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What's hot on the African venture capital scene? - Zachariah George, Startupbootcamp Africa

Posted by on 07 December 2020
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Has the African VC market been impacted by COVID-19 at all, and where is the market heading in 2021? Zachariah George, Co-founder and Chief Investment Officer of Startupbootcamp Africa, shares his observations with us.

Q: How has COVID-19 affected the African VC market?

COVID-19 has been paradoxically quite good for the African VC market. The African VC market had more than $2 billion of funding in 2019 and if you compare the first ten months of 2019 – so January to October 2019 – versus January to October 2020, we have seen a 25% increase in VC funding. What’s notable though, is the number of deals that have been funded had gone down, but the total amount of funding and, by extension the amount of funding per deal, had gone up. That’s not particularly surprising because in certain industries like financial inclusion, healthcare and education that have increasingly become digitalised, there is a greater proclivity of essential services going online and Africa is a perfect market for that. So, despite the COVID-19 pandemic, funding into African venture-backed firm has actually gone up.

Q: What’s hot on the African VC scene? Which sectors or regions have you seen most opportunities?

As most people are aware, financial services, which is predominantly financial inclusion, fintech and insurtech, have always had the lion’s share of venture capital activity in the African continent. Over the last year we’ve seen logistics and mobility – anything that makes cities safer and transport easier – receiving a huge amount of interest. But since the pandemic started, digital health and digital education have gotten a lot of interest. Because these are essential services that need to be digitised, the pandemic has just hastened the approach from founders as well as large corporates in understanding how to get the essential services online. So, if anything, the pandemic has helped people achieve their four- or five-year goals in one to two years – and it bodes well for the future of VCs on the continent.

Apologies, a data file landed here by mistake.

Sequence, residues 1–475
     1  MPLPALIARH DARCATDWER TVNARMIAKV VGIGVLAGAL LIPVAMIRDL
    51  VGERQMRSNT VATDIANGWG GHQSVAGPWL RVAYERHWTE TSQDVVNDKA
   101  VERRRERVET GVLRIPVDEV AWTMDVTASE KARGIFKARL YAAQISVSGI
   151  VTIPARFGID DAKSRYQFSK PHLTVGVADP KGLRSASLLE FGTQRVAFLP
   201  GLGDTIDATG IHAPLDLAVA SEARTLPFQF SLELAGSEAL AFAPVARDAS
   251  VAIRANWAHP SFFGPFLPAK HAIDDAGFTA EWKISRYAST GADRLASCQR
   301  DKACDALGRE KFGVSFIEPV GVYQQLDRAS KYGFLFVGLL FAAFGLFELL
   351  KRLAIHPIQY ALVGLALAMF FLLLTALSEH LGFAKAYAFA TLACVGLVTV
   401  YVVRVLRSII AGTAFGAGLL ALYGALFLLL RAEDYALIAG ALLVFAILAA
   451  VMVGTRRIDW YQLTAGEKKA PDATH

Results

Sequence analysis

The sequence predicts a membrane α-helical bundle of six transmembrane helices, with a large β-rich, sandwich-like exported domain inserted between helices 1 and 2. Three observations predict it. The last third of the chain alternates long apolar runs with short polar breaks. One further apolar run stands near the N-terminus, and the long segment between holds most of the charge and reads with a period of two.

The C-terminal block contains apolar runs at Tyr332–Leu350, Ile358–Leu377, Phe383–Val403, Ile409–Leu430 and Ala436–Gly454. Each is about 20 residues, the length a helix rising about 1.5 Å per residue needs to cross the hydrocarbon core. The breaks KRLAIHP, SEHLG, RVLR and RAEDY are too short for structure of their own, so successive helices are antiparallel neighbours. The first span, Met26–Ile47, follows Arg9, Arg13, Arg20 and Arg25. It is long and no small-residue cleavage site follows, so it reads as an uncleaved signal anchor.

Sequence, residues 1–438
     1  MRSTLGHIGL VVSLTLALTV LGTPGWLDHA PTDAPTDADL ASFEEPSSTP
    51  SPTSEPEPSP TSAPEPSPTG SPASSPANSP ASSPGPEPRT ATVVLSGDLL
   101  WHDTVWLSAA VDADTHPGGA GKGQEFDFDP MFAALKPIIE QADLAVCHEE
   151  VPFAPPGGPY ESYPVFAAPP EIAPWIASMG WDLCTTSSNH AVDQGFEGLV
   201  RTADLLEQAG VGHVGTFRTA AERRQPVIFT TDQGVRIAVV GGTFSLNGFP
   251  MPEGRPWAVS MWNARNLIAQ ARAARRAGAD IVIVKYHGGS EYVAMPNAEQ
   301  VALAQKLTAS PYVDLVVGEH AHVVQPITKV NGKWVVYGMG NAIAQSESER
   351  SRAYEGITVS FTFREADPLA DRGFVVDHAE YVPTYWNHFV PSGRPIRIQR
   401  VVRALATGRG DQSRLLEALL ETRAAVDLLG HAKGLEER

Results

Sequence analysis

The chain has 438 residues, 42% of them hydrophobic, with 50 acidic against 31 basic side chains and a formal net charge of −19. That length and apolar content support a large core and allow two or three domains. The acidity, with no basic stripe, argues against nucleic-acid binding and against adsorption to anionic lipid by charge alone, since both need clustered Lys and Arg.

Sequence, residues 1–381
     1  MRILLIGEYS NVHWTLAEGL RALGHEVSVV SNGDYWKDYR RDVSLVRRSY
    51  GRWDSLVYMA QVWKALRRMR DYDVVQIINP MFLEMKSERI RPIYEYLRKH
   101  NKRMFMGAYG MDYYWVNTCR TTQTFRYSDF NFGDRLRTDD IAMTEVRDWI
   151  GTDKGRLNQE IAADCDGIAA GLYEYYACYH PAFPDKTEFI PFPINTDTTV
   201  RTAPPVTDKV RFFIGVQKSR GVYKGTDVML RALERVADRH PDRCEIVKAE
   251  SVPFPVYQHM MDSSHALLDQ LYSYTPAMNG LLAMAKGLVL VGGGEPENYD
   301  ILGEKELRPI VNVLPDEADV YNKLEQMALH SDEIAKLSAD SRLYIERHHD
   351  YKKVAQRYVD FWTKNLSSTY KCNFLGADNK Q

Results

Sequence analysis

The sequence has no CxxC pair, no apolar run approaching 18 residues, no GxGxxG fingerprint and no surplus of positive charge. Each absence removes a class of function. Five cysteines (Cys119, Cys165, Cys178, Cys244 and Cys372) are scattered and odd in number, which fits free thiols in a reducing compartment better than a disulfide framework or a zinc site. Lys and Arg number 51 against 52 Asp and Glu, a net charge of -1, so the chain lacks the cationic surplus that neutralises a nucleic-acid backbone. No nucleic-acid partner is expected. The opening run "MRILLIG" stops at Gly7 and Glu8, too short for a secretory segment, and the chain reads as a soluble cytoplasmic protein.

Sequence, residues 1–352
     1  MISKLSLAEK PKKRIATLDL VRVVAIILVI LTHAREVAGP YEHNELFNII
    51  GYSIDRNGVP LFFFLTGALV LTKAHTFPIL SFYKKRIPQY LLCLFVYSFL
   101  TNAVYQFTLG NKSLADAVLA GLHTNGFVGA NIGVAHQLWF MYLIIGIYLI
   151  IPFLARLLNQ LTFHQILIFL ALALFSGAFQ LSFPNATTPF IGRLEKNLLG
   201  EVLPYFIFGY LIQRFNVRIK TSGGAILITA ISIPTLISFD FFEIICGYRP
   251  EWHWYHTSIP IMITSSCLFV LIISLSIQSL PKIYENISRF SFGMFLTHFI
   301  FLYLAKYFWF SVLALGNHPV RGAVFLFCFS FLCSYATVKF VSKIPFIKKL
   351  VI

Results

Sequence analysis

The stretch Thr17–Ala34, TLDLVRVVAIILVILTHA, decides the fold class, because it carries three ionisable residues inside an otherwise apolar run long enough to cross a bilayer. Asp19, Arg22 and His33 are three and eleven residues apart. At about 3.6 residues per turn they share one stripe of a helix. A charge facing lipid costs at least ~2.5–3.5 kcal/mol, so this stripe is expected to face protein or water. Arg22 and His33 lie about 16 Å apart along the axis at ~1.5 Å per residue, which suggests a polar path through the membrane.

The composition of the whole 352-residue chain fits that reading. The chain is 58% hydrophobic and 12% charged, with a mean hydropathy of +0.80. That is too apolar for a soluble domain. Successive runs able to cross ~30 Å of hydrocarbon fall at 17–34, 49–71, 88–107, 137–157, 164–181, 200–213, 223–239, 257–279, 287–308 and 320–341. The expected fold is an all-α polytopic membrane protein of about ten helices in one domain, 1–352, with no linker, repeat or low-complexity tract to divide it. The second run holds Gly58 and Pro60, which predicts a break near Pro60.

Q: What are the growth prospects for tech and innovation?

Technology has always been the greatest enabler of innovation – not just in Africa, but in most of emerging markets. What I’m most bullish about is the fact that technology is slowly being used to disrupt businesses that traditionally were not considered disruptive. Examples of this include mining, property, manufacturing, and agriculture. The use of technology around sensors, drones and internet of things are penetrating industries that have traditionally been held by large corporates, agricultural houses, retailers, insurers etc. We have seen the adoption of technology as more of a necessity rather than a nice to have, and the push is coming from the end consumer rather than from the producers of services, which is a very positive thing that we’ve been seeing in Africa.

Q: What does the future of African VC look like in 2021 and beyond?

I see the African VC industry growing by leaps and bounds. We’ve grown from $20 million in VC in 2011 to $2 billion in 2019, and I see that number growing much higher in 2021. 2020 has already seen record numbers from a VC standpoint despite the pandemic. We’ve also had a lot of exits this year – we had 6 major tech firms being sold to both international as well as continental buyers, and that only creates more deal flow at the early stage. The more exits you see from an M&A standpoint, the more funding goes into earlier stage deals, so I see a huge growth potential in the African VC market in 2021.

Interested in learning more about investing in Africa? Find out more at SuperReturn Africa.

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